this outstanding Renaissance church, one of the most splendid of the town, was begun in 1521 in order to give shelter to a picture of the Madonna said to be miraculous that originally hung on the wall of a small oratory called “dello steccato” or wooden shield.
Consecrated in 1539, the church is built in an elegant Bramante style in the shape of a Greek cross with semicircular apses and square corner chapels. Pilasters, windows and mullions are topped by a marble dome with loggia and lantern, almost certainly built with the help of Antonio da Sangallo the Younger, who had come to Parma in 1526, sent by Pope Clement VII to strenghten the city’s defenses. In the interior, to the left of the entrance, is the tomb of Count Adam Neipperg, the morganatic husband of Marie Louise of Austria, built between 1829 and 1831 by Lorenzo Bartolini.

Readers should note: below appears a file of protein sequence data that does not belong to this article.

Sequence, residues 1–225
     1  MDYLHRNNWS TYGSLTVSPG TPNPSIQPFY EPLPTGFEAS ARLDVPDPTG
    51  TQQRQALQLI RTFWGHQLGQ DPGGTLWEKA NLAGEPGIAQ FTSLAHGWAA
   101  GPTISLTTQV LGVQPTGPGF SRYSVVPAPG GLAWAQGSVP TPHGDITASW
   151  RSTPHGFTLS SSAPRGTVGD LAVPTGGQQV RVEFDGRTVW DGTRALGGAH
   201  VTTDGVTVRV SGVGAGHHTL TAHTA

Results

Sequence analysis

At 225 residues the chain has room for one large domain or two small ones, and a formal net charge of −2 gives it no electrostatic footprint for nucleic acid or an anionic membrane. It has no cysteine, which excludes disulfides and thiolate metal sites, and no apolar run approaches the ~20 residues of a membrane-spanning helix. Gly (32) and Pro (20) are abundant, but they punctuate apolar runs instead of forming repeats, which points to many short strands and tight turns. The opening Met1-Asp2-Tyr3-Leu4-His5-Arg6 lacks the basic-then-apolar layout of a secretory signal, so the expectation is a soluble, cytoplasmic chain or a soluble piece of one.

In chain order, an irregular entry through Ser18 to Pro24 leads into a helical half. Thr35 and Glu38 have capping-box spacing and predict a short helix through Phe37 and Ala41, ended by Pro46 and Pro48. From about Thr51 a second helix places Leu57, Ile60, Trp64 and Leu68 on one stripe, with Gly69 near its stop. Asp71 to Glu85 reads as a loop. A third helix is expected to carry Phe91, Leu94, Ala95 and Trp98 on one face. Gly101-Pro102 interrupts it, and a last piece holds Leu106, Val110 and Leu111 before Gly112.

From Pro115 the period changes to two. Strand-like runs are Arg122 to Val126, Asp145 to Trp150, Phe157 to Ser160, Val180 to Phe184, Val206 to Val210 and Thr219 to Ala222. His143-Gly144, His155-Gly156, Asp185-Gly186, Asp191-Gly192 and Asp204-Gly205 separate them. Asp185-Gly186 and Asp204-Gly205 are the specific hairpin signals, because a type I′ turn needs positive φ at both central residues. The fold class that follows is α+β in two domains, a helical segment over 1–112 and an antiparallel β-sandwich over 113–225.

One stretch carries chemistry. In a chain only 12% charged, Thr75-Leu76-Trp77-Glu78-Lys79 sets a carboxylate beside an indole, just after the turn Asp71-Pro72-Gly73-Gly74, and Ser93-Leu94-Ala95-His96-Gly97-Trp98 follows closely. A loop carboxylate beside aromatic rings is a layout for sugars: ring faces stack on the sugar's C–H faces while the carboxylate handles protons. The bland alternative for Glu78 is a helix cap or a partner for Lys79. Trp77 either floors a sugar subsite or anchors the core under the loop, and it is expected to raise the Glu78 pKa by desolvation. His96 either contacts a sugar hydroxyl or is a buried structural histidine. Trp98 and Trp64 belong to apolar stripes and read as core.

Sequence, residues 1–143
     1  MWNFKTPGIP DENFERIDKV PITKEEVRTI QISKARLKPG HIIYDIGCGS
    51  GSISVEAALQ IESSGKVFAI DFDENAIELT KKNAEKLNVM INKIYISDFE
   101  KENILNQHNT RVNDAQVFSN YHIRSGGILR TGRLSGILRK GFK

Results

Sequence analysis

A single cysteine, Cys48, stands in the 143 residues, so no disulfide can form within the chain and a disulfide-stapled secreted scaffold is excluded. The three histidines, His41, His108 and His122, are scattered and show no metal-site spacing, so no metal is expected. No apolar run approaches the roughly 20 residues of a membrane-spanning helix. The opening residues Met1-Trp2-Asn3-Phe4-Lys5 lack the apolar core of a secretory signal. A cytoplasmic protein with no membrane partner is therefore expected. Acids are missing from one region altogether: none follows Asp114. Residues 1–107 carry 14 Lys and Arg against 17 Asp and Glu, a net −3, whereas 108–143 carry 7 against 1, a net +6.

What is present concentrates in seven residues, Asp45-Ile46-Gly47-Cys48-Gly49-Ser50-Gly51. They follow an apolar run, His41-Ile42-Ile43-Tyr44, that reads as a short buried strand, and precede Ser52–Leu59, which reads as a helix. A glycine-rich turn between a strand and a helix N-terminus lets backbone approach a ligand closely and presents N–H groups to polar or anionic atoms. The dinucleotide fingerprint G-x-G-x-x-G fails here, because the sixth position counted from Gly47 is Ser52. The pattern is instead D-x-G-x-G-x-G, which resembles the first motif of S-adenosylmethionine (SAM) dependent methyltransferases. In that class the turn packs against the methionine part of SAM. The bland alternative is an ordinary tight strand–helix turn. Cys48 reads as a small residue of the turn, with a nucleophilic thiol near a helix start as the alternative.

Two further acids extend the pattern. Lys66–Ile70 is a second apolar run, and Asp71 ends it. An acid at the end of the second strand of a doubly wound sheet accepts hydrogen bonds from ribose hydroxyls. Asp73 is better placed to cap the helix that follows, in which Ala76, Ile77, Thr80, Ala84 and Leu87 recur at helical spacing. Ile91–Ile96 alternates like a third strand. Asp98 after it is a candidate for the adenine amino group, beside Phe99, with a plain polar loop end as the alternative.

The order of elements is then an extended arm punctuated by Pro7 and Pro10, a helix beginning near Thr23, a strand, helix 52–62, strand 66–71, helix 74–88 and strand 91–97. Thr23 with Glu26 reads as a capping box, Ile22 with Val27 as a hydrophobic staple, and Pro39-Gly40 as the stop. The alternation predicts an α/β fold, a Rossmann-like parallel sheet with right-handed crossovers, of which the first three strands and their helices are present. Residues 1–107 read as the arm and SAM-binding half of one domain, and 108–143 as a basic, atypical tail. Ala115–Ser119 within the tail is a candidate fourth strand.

The most elaborate work in the church is the fresco cycle on the arch above the presbitery, painted by Parmigianino between 1530 and 1539 with great accuracy of detail. It depicts the parable of the Wise and Foolish Virgins with a profusion of animal and plant motifs set against a red background. On the intrados, with gold decorations on a blue background, are four monochrome figures: Eve and Aaron on the right and Adam and Moses on the left. Another remarkable work left unfinished by Parmigianino.
The altar, adorned with 18th century statues, contains the fresco of the Madonna Suckling the Child, taken from the original oratory and painted by an anonimous late 14th century artist. Behind the presbitery is the Knight’s Choir and above it, a small bronze of Christ Risen by Andrea Spinelli.
A door on the left leads to the sacresty and the burial chapel built in 1823 by Marie Louise to house the tombs of the Farnese and Bourbon dukes of Parma.
Annexed to the church is the treasure of art and history on display at the Costantinian Museum.
Strada G. Garibaldi, 5 43121 Parma
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